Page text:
On the topic of waste, we need to see the big picture, organic material from the countless garden and sitting out areas is collected by hand and stuffed into ubiquitous black plastic bags for disposal, presumably sent to the landfill. At the same time, tonnes of fresh organic material is imported for building new gardens, there is a very obvious disconnect, the necessary policy to manage environmental resources is missing. Waste food can be rapidly processed into compost also.

Chiller Load Profile – why install two air conditioning systems when one will do

Other past projects, including green buildings have shown that where people can be engaged the value of the investment increases,  making the community a more desirable location will also impact the real estate market significantly increasing property valuations.

We should have progressed further, yet the environment continues to provide “free” resources divorcing us from the true cost of materials, water, and energy.  There are kept  artificially low because nobody sends in a bill for polluted air, not a great incentive for recycling or effective management is it? It’s time for a change.

 

Water Conservation – sea water flushing

For more than 50 years seawater has been used for toilet and urinal flushing in Hong Kong, saving significantly quantity of fresh water. If you are near the coast, the process is straightforward, sea water is filtered, treated and then pumped to purpose built service reservoirs ready for use in residual and commercial buildings. Eighty percent of Hong Kong buildings are served by the sea water infrastructure.  In the year 2011, the potable water savings were 740 tonnes per day,  or more than 270,000 tonnes per year.

All new buildings by regulation mustbe provided with two separate water systems, potable and flushing water. The flushing water infrastructure must be designed to handle sea water.  in buildings uPVC is the material of choice for pipework serving all sanitary appliances.  WC cisterns are designed without any metal components exposed to the corrosive seawater.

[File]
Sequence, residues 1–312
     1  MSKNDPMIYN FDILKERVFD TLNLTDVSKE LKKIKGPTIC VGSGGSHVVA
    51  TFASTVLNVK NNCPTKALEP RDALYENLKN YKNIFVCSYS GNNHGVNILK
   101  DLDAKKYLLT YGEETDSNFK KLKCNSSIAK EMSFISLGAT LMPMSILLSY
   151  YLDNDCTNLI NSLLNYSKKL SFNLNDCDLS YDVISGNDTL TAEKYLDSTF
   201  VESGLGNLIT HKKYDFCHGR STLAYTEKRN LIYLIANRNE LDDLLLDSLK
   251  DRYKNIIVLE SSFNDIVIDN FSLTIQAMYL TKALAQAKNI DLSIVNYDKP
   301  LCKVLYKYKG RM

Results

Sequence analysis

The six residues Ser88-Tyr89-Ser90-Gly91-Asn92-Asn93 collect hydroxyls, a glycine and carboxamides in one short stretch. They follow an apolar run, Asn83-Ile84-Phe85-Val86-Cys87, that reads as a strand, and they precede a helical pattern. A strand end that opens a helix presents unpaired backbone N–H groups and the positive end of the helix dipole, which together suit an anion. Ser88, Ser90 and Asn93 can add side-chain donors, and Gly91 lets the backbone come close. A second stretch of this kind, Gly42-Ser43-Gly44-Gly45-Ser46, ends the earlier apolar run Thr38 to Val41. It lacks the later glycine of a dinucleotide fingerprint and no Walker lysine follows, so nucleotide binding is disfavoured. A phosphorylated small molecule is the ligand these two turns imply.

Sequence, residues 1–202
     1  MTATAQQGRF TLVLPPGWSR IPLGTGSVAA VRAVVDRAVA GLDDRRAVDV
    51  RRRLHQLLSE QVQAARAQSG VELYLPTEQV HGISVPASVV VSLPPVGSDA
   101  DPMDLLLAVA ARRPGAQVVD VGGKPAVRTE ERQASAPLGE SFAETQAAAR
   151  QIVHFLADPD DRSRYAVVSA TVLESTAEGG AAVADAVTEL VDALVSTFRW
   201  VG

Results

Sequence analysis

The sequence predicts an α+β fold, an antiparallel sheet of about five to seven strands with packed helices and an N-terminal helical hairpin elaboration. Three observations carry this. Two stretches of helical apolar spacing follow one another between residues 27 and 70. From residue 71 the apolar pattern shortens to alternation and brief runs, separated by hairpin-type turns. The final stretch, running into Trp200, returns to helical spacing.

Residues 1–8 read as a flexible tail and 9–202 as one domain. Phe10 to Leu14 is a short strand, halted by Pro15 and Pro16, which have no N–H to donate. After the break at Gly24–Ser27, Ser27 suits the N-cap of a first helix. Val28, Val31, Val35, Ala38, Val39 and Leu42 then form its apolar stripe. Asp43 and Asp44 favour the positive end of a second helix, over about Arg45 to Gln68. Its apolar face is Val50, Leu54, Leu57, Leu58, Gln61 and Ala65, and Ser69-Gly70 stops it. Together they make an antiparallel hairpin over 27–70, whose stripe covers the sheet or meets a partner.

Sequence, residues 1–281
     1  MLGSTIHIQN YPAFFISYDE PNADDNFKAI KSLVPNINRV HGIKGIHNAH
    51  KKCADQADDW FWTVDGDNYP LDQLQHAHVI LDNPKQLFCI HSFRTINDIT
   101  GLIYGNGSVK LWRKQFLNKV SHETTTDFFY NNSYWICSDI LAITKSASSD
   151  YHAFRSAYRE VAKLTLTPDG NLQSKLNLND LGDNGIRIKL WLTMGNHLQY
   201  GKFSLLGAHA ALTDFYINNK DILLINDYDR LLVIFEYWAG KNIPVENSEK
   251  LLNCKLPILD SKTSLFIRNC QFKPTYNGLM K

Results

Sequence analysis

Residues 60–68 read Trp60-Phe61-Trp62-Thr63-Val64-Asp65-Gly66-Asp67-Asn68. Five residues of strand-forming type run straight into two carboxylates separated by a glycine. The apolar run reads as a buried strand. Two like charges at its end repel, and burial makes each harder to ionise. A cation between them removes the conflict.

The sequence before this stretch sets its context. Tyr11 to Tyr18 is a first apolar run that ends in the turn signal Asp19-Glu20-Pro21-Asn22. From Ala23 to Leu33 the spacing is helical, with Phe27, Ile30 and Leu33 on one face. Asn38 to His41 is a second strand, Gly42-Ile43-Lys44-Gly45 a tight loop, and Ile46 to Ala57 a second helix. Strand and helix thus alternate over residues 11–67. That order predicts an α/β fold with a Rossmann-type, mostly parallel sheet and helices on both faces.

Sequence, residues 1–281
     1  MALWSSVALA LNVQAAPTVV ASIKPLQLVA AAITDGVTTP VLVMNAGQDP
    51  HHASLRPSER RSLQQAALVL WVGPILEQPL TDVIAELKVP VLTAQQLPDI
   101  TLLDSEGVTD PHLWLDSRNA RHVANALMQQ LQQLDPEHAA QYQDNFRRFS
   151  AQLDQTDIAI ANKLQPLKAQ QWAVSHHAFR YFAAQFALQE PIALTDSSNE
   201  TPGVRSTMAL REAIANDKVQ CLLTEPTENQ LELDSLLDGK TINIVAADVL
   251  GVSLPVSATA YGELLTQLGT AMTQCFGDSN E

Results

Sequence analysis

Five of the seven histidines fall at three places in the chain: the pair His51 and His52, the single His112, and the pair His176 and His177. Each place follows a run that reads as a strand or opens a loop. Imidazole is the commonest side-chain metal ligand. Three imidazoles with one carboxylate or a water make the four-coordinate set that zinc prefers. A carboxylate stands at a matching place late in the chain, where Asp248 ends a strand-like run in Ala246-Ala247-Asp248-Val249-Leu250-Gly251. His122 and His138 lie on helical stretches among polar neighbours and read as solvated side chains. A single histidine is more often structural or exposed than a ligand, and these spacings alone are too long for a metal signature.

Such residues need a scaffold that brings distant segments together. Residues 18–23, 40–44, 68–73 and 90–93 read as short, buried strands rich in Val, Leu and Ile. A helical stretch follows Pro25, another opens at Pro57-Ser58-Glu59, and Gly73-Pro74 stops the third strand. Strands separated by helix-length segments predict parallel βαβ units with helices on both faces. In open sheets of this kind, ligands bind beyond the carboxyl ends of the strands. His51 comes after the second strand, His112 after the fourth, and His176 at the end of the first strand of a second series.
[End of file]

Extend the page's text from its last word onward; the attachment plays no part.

WSD Distribution Diagram

Underground the pipework distribution utilises cement lined piping for sea water to the service reservoirs and buildings as shown in the above diagram (courtesy of Hong Kong Water Supplies Dept. https://www.whittonplumbing.com/24-hour-emergency-service/).

Having separate potable and sea water infrastructure has another advantage, in the event that one water service is shut-down for maintenance, that doesn’t stop all the water services. Furthermore, since the sea water provides part of the buildings water demand, the potable infrastructure is smaller and lower cost.

One of the major objections against using sea water is a concern that potable water and seawater piping could be cross-connected, in reality that’s an unlikely occurrence because the materials are different, its physically difficult to connect a cement lined pipe to PE piping.

China is starting to embrace sea water as a resource too.

Its obvious really, in coastal areas, why flush our precious potable fresh water down the toilet? The use of sea water is a low-tech solution to lower and conserve potable water usage, and very cost effective.

Update: John Herbert was appointed to the Hong Kong Green Building Council Faculty June 2012 and chairs the Water Aspects technical group.